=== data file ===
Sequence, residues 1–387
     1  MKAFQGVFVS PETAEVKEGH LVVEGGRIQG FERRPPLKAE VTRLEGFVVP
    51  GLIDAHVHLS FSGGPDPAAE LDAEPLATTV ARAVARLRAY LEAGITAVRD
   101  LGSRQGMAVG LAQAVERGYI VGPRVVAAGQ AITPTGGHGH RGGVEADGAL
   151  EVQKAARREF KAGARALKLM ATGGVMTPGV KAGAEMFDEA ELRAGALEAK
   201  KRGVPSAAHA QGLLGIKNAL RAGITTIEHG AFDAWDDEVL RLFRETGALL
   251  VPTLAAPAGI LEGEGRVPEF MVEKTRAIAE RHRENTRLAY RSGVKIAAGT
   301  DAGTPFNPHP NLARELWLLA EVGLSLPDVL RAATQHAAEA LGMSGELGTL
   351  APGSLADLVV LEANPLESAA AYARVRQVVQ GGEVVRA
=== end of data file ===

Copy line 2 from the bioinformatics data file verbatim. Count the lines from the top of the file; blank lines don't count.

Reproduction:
     1  MKAFQGVFVS PETAEVKEGH LVVEGGRIQG FERRPPLKAE VTRLEGFVVP